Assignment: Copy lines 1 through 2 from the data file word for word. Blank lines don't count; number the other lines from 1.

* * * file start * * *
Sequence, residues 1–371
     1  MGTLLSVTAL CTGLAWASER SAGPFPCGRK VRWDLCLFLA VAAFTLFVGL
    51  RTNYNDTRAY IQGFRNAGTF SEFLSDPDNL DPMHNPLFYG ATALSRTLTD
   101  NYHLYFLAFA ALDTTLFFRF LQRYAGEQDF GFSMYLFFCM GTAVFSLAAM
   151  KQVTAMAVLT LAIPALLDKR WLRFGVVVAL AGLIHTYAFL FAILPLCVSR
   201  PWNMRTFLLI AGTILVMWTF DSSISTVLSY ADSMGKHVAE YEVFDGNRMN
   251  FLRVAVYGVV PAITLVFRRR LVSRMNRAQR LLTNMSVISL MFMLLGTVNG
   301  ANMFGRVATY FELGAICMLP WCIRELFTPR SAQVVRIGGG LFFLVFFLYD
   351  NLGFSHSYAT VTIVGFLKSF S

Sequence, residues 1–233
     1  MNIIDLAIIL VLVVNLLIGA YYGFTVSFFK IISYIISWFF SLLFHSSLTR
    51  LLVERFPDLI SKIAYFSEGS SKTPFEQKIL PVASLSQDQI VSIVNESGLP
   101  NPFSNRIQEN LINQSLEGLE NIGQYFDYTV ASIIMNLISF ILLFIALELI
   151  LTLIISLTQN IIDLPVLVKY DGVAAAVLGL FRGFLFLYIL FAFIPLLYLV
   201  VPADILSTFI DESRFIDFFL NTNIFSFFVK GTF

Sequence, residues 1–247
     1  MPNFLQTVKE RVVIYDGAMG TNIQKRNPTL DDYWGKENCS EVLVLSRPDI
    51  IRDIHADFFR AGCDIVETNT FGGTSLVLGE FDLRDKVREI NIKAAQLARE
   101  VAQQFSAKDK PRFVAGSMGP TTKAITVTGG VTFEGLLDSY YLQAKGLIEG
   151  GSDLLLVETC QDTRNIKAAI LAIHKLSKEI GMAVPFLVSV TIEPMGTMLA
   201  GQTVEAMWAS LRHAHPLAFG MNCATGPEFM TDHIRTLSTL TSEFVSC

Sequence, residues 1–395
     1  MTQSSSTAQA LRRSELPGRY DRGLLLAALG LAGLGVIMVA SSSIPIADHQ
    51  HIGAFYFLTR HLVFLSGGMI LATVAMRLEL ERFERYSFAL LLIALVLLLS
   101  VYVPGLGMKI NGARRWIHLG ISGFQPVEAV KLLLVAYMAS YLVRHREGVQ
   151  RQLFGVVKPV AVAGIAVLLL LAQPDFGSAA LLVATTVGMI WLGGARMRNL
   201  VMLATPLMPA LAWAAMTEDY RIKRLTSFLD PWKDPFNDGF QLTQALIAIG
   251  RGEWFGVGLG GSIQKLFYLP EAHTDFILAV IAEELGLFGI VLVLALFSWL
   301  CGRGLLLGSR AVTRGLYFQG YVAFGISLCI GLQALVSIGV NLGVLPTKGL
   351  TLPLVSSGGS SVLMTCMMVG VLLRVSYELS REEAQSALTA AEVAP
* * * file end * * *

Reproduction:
Sequence, residues 1–371
     1  MGTLLSVTAL CTGLAWASER SAGPFPCGRK VRWDLCLFLA VAAFTLFVGL